Tips for Naming Guardians for Your Minor Children
Aug. 17, 2021
As a parent, you likely worry about all the little details: what your child eats, wears, and how much sleep they get. You might also worry about life’s big “what if’s” – like what would happen if you were in an accident, or worse, if you and your spouse passed away.
While it may seem morbid to think about death when you’re in the prime of your life, it can be empowering. Knowing that you have a plan for everything, no matter what, goes a long way toward reducing the stressors parents face. With an estate plan, you can find solutions for all of those scary “what if’s,” so that you can focus on what really matters – spending time with and enjoying your children.
This week, I’d like to kickstart some thought about naming guardians for your minor children and provide some tips to help you make the right choice.
Tips for Choosing the Best Guardian for Your Children
Every family is different, so there is no one-size-fits-all answer when it comes to naming guardians. The best way to reach a choice that works for you and your spouse is by starting an open dialogue.
Here are some of my personal recommendations to consider when thinking about potential guardians:
Elderly individuals (like your parents) may not be the most practical choice. Consider their physical health and financial status before jumping to the conclusion that they should be your children’s guardians.
Always name a back-up. Life is unpredictable and the last thing most parents want is a lengthy court-proceeding over guardianship. By naming a back-up you can ensure your children will be cared for by the people you choose (not a judge).
The people you pick as guardians do not have to be the same people who manage your children’s finances. If you will be leaving assets behind to care for your children, you may have others in mind to manage the assets. There is no rule that a child’s guardians must also manage the child’s financial assets.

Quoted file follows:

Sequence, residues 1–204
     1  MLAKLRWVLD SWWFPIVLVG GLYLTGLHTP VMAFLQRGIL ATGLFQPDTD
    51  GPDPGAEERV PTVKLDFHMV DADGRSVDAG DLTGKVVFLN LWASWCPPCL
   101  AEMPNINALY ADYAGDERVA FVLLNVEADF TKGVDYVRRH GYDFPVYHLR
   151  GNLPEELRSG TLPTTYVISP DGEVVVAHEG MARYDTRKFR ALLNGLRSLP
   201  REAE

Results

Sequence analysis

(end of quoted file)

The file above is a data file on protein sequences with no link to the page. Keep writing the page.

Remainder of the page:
Consider temporary guardians if your permanent guardians live far away. If you and your spouse were in a car accident today, who would need to pick your children up from school? Who would watch them if you were both hospitalized? A close, reliable caretaker could be a good choice as a short-term guardian even if they are not in a position to care for your children permanently.
Remember that you can change your mind if circumstances change. Your guardianship appointment is not set in stone (unless you are incapacitated or pass away). You can change your mind at any time – and that’s okay!
I’m Here to Help
It can be distressing to ponder our own mortality, but, as a parent, I think it’s even scarier to contemplate what would happen to my children if something happened to me. In most states, if parents pass away without an estate plan, the court will decide who will raise their surviving children. Unfortunately, courts do not know your personal wishes and desires for your children – and there is a good chance they will not make the same choice you would.
I know choosing a guardian can be difficult, but I am here to help make it easier. Schedule a FREE Virtual Strategy Session with my office to learn how you can protect your family and preserve your legacy.